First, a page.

You could posit a "virtual good" of "female beauty" the supply of which may be artificially increased by selling beauty products, and the demand for it inflated artificially by the mass media creation of this artificial "ideal [beautiful] woman".
You could say instead that a woman's worth (or "power" if you will) MAY
be increased by enhancing her appearance, while the same is not true (or
is MUCH less true) for a man. Hence there is significant economic value
attached to same for a woman and not for a man. Then you are still
absolutely right, that is, that the things that help a woman become more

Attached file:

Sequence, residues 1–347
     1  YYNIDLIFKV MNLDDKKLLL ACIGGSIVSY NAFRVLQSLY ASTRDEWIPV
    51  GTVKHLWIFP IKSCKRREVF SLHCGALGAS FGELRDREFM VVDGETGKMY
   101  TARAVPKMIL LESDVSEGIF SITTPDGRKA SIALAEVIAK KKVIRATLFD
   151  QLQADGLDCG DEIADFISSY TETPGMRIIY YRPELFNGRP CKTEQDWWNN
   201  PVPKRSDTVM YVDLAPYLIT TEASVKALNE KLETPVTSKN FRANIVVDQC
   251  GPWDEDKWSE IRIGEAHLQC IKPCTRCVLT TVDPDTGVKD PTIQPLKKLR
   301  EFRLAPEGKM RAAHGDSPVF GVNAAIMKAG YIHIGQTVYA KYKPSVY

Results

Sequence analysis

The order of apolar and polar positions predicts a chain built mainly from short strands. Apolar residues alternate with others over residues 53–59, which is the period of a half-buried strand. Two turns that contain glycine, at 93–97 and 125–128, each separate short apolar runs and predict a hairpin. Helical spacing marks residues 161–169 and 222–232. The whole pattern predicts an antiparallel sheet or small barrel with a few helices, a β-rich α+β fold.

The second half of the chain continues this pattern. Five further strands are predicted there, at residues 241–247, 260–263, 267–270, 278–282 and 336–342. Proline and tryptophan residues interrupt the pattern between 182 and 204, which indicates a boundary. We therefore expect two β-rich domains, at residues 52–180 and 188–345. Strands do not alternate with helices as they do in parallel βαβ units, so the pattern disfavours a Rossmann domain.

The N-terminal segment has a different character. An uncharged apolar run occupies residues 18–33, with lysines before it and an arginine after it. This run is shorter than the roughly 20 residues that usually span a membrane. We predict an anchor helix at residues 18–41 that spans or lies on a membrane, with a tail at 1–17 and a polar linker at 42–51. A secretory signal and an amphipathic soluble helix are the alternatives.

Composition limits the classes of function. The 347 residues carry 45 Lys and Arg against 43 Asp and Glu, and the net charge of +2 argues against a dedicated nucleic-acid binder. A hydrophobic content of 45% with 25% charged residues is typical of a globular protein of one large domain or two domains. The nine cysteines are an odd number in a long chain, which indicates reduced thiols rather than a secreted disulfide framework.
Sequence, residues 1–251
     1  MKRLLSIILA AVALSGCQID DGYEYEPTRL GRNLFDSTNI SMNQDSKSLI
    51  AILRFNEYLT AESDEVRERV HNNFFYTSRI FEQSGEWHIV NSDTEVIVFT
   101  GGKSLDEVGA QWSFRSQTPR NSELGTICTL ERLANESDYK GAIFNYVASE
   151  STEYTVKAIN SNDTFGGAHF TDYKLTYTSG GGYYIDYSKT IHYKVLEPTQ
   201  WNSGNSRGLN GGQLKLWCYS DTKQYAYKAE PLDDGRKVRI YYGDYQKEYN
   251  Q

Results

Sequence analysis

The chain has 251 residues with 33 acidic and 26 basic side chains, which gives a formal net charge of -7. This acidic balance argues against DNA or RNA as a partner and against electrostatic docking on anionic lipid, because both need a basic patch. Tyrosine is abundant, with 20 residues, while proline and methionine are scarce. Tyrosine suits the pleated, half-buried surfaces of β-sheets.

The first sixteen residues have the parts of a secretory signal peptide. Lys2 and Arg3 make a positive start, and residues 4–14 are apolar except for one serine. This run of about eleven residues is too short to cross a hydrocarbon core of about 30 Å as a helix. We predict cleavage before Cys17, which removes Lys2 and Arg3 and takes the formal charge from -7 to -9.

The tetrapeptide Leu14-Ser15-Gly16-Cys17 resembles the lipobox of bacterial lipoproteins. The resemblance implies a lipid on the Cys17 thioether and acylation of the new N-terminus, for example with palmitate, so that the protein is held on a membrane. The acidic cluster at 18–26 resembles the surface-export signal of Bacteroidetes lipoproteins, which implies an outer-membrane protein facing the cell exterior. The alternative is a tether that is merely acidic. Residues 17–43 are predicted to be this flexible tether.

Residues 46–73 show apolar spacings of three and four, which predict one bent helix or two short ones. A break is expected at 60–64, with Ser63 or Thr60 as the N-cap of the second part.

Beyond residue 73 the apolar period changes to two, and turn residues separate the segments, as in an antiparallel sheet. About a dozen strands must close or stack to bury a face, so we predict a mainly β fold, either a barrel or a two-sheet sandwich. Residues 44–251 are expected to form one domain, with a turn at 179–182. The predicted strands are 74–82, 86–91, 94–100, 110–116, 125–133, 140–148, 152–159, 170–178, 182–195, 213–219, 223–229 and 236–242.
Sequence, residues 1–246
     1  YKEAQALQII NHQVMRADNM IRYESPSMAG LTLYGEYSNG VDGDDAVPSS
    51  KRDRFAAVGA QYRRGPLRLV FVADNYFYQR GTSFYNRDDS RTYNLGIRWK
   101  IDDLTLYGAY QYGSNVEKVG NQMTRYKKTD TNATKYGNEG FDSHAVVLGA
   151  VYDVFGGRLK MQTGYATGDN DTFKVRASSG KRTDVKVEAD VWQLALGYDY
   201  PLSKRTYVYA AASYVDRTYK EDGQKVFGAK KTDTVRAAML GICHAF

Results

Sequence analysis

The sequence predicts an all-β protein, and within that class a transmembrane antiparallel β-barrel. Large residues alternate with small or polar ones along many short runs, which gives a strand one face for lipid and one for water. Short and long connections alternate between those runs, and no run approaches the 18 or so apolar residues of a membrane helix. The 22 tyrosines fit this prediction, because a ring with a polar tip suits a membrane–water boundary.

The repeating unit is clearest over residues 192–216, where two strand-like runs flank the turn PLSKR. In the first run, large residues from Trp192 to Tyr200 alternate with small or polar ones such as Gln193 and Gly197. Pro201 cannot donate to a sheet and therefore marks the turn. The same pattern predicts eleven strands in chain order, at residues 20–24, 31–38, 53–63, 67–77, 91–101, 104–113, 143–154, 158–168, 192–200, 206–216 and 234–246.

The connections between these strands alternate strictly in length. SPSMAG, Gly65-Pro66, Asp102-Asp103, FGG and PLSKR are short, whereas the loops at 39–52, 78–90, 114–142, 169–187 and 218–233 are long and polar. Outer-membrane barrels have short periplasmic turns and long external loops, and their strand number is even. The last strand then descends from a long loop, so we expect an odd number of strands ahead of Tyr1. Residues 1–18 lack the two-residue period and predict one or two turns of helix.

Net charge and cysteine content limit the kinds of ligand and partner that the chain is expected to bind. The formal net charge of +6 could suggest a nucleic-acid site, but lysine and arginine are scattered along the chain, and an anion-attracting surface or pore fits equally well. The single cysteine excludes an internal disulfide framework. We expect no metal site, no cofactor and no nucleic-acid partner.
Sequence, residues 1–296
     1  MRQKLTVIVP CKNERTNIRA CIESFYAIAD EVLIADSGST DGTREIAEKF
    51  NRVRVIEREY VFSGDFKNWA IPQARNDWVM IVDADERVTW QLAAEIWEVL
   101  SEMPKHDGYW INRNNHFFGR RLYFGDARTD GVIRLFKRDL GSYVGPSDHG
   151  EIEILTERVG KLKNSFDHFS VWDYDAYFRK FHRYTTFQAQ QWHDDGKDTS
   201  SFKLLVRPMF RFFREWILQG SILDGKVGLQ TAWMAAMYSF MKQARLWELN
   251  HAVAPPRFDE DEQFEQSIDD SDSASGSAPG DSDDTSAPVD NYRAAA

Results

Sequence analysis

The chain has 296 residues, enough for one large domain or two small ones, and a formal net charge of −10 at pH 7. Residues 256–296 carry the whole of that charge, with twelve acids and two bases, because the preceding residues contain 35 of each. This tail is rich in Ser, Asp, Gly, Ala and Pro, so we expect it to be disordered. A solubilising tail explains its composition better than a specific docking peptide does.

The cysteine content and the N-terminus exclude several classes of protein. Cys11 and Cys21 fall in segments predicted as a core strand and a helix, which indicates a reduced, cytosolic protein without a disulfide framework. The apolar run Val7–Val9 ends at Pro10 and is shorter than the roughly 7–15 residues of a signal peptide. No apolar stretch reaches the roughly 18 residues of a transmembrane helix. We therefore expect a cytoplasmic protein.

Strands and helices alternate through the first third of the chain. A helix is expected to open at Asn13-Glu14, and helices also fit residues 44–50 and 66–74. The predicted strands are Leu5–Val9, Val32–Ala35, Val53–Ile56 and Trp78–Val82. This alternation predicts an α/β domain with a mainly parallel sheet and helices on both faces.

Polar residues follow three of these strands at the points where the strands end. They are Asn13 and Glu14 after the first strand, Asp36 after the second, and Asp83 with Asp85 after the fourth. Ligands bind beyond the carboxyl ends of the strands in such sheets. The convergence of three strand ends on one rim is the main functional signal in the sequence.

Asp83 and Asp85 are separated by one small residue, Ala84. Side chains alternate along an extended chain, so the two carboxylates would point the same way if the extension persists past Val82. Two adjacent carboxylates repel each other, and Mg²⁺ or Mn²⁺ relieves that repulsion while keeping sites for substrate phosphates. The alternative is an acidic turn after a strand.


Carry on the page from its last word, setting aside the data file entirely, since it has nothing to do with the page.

attractive, hence, more "powerful", are vastly increased in value.
could just as well say to me that I should get an education, for
example. I have shown my ability to study and could probably graduate,
and then I'd get the pride and the leverage in terms of getting jobs and
work visas in foreign countries (like France and Japan, et al). I could
say that it's not economically worth it, and it's probably not, but
there would be social stigma, and people would say things like "Your so
smart [beautiful], why don't you make the effort to get a degree [make
yourself look nice] so you can get ahead in life?" and think I was
stupid and lazy not to do so. That's maybe what social pressure looks
like, and if so, we all get it -- I know I do.